@PacificSunwear,

    >>Nothing wrong with making a bad call, but how about taking some responsibility for costing people a missed opportunity or lost money.

    With due respect, no, that is not at all what you are saying. Each comment you've made in prior threads amounts to grave dancing on a pick I made that has gone bad.

    You'll have to forgive me if I'm skeptical of your newfound altruism.

    >>Your second misrepresentation is that you have taken technology stocks and compared them to the S&P 500. It is only appropriate to compare your selections to a high tech index.

    The reason I don't do this is because the S&P 500 is easy and cheap for the common investor to index. For those who choose not to invest in stocks, we believe an S&P index fund is the right place for at least a portion of retirement assets.

    Having said that, if you're really dying for an apples-to-apples tech comparison, then I give you the Nasdaq 100 ETF (QQQQ). It's dividend-adjusted return since Aug. 7, 2008 is 16.31%. I'm up almost double the average return.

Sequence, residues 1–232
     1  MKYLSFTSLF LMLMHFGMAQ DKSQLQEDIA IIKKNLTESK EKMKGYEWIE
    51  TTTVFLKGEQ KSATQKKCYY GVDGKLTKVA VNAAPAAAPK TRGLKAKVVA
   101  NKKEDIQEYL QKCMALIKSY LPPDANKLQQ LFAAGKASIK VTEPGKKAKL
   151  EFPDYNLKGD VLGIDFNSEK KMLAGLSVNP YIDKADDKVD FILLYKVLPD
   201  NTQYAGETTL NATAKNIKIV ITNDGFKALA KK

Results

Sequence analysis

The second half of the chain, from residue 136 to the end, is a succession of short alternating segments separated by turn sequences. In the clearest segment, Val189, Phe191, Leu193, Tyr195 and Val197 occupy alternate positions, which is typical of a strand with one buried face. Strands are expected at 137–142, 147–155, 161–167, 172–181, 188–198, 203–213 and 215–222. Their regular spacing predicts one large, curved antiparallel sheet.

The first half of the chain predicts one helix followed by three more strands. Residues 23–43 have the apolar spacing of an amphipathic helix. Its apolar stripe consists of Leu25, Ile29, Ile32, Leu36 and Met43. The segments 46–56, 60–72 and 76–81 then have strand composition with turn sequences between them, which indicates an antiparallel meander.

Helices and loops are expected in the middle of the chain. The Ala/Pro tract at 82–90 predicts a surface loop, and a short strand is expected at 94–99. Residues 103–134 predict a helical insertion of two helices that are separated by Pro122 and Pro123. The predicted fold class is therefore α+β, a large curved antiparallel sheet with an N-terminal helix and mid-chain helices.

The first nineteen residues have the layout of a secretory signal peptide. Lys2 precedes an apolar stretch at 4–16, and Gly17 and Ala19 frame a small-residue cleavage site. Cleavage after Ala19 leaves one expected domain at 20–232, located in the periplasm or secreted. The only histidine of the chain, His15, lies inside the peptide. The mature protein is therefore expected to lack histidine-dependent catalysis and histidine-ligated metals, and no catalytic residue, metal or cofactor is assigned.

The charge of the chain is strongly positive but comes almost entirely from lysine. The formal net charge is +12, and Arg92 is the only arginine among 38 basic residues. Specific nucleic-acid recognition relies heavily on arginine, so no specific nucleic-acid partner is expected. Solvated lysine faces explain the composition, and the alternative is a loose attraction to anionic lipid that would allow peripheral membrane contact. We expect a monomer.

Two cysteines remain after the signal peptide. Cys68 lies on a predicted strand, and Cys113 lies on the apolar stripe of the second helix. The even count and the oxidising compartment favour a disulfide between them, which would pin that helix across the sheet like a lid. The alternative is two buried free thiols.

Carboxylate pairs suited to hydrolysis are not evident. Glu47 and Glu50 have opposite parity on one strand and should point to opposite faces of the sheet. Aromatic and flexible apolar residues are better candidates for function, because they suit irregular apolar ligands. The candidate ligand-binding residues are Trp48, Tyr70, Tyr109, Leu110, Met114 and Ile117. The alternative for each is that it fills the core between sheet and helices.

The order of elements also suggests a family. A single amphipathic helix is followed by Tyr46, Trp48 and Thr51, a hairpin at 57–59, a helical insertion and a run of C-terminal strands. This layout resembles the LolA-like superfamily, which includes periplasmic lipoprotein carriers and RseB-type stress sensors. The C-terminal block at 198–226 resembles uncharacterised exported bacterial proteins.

Reference: http://finance.yahoo.com/q/hp?a=07&b=7&c=2008&d=...

    >>There are people who invest for health care, education and retirement. This is not some contest. This is real life.

    Indeed, I'm one of those people. I don't write these columns for sport, sir. I write to feed my family, and I invest to fund my family's long term needs: education for the kids, retirement for my wife and I.

    >>If you are at all interested, I will happily direct you to a money management group that has outperformed the S&P by over 120% over the last 8 years after fees and expenses.

    Sure, pass it along. I have a similar record in my real-money portfolio, but I enjoy learning from other approaches.

    Finally, let me be clear: I don't like it when I make a bad pick. I never intend to make a bad pick, but that's where we are with my PSUN short call. The egg is on my face, and my pick is up on the web for all the world to see, still:

    http://www.fool.com/investing/general/2010/09/15/these-stock...

    And that, sir, is what makes your comment ridiculous. Of course I wouldn't remove Akamai from my list were an issue to arise. Did I remove Harris & Harris when the CEO changed strategy to begin investing in Pink Sheet penny stocks?

    No, I didn't. Thanks for writing. Moving on to more productive conservations.

    Foolish best,

    Tim (TMFMileHigh and @milehighfool on Twitter)